Housing prices in U.S. increased more than forecast in April

Home prices climbed more than forecast in the 12 months through April, rising by the most in more than seven years and showing further strength in the U.S. housing market.

The S&P/Case-Shiller index of property values increased 12.1% from April 2012, the biggest year-over-year gain since March 2006, after advancing 10.9% a month earlier, a report showed today in New York. The median forecast in a Bloomberg survey of 28 economists Bloomberg called for a 10.6% advance.

Short supply, record-low mortgage rates and an improving job market combined to boost housing demand and spark the rebound in prices. The recovery is probably far enough along to overcome the recent surge in borrowing costs after Federal Reserve policy makers said they may trim unprecedented accommodative measures meant to spur the expansion.

“Housing’s doing really well and I don’t think the backup in mortgage rates to date is going to derail it,” said Brian Jones, senior U.S. economist in New York at Societe Generale, who projected a 12.3% rise in home prices. “We’re still well off the highs, but price increases could continue for the next several years.”

Bloomberg survey estimates ranged from increases of 9.9% to 12.3%. The S&P/Case-Shiller index is based on a three- month average, which means the April data were influenced by transactions in February and March.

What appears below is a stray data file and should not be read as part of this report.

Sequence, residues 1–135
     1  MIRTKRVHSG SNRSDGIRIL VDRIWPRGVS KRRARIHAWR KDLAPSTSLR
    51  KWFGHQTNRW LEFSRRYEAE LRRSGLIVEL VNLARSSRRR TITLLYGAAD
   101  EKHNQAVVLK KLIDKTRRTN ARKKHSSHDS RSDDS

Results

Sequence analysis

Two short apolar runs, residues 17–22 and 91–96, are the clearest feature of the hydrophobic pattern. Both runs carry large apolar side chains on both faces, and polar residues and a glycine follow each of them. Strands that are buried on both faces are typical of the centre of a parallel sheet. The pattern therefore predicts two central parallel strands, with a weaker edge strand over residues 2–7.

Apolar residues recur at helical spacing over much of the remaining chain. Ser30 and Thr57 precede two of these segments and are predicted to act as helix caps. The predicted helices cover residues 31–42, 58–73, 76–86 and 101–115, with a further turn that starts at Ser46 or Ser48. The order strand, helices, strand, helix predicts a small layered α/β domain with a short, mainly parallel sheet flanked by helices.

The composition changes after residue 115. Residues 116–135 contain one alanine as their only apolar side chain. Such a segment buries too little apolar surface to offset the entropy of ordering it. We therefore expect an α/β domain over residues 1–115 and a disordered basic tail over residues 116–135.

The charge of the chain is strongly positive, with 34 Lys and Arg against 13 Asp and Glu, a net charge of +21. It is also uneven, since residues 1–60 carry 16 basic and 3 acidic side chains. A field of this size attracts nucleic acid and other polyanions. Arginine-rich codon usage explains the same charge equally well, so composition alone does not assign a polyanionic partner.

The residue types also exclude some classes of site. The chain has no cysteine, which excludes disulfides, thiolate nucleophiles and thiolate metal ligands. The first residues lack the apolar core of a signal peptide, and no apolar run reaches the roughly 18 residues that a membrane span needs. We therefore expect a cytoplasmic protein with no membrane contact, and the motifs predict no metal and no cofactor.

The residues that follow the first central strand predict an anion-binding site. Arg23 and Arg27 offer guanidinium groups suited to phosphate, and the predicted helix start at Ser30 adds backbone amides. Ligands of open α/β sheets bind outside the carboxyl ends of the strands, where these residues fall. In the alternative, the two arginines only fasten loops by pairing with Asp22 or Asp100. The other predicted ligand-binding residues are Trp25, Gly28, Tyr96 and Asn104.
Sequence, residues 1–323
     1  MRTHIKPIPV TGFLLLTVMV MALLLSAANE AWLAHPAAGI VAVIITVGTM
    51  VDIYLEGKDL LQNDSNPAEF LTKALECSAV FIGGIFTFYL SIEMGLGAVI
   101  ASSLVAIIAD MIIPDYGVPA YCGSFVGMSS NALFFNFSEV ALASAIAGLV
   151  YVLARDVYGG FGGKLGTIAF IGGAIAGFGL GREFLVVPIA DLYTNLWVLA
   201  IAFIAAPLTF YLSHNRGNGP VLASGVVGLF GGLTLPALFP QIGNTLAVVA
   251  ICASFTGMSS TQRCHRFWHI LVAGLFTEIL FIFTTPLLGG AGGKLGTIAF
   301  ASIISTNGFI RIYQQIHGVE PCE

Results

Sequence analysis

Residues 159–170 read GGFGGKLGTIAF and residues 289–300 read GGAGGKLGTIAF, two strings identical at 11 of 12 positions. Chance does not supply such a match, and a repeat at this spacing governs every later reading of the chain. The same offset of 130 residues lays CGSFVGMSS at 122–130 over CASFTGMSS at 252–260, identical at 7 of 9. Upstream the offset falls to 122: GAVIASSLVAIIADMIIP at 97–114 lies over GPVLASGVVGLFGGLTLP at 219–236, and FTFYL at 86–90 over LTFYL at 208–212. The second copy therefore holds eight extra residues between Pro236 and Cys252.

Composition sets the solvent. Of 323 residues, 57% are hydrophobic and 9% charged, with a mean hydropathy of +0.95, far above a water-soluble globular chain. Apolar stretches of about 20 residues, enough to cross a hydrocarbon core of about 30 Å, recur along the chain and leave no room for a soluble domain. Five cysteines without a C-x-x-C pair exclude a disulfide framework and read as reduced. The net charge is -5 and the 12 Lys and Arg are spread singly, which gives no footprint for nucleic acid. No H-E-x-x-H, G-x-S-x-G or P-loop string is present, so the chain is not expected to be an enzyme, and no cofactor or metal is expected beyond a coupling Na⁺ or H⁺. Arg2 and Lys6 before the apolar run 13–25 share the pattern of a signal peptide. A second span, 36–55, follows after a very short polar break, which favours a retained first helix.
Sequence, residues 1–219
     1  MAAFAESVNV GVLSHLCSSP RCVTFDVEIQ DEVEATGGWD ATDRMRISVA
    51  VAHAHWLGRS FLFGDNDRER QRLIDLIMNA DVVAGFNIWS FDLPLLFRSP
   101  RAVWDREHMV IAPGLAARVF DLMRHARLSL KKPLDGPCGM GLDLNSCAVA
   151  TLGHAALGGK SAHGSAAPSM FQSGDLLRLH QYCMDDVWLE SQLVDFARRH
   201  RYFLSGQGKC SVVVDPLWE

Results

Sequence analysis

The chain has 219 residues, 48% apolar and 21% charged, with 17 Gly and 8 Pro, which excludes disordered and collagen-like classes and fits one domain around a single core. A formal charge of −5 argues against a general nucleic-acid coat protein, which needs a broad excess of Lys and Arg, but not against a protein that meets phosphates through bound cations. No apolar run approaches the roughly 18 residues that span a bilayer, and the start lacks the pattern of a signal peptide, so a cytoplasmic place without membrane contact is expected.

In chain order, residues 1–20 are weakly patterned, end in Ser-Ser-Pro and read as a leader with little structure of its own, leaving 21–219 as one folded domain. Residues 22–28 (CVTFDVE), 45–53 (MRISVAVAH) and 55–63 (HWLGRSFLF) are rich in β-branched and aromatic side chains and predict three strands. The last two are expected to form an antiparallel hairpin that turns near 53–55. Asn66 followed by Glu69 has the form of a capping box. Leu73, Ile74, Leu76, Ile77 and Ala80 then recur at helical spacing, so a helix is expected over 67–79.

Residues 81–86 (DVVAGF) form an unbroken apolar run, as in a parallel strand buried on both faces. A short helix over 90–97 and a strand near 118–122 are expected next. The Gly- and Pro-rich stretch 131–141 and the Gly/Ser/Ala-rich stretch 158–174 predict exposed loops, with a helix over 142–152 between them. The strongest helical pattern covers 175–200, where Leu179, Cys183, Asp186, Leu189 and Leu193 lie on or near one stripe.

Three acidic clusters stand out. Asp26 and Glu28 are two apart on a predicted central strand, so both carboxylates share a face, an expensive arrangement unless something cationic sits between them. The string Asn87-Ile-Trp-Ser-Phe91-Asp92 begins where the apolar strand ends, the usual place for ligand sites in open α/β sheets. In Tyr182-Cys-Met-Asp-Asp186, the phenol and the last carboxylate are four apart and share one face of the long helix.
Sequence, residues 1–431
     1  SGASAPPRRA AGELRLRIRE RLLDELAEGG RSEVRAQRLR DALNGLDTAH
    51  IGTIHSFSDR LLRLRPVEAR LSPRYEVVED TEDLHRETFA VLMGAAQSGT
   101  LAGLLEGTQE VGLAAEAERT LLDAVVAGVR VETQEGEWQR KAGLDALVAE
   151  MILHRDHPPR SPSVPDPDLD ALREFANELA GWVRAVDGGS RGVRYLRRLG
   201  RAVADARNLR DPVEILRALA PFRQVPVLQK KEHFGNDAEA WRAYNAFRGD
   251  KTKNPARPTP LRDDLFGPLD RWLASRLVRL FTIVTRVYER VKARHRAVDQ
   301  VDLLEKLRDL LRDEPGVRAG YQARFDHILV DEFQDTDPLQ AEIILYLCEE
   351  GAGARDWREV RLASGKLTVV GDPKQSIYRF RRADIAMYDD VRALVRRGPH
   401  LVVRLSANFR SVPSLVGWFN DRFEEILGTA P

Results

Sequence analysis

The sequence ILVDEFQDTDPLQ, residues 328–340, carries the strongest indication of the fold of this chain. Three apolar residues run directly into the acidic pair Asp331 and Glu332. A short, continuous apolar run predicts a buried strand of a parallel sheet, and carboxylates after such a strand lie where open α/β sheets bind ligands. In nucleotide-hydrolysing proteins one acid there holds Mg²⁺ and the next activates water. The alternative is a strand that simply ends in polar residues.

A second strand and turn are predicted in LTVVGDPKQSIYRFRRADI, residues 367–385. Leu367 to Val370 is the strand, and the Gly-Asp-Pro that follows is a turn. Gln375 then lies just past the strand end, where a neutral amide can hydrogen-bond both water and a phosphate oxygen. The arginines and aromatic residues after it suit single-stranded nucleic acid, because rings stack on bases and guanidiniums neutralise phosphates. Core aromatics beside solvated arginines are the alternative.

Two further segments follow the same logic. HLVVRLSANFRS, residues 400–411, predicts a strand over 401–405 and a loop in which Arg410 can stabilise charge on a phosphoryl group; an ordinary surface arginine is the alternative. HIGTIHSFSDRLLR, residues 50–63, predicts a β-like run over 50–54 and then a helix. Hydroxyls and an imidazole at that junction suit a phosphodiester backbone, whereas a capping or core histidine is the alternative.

Monthly Gain

Home prices adjusted for seasonal variations increased 1.7% in April, compared with a 1.9% gain in March. The Bloomberg survey median called for a 1.2% rise. Unadjusted prices climbed 2.5% in April after a 1.4% gain as 19 of the 20 cities showed advances.

The year-over-year gauge, which includes records going back to 2001, provides a better indication of price trends, the group has said.

All of the 20 cities in the index showed an increase in year-over-year prices, led by gains of 23.9% in San Francisco and 22.3% in Las Vegas. The smallest gain was in New York, which showed a 3.2% advance.

“The recovery is definitely broad-based,” David Blitzer, chairman of the S&P index committee, said in a statement. “Recent economic data on home sales and inventories confirm the housing recovery’s strength.”

The price index results follow other signs that housing has strengthened in the second quarter even as the economy shows signs of slowing. Beginning construction of new homes climbed last month as permits to build single-family houses rose to the highest level since May 2008, the Commerce Department reported June 18.

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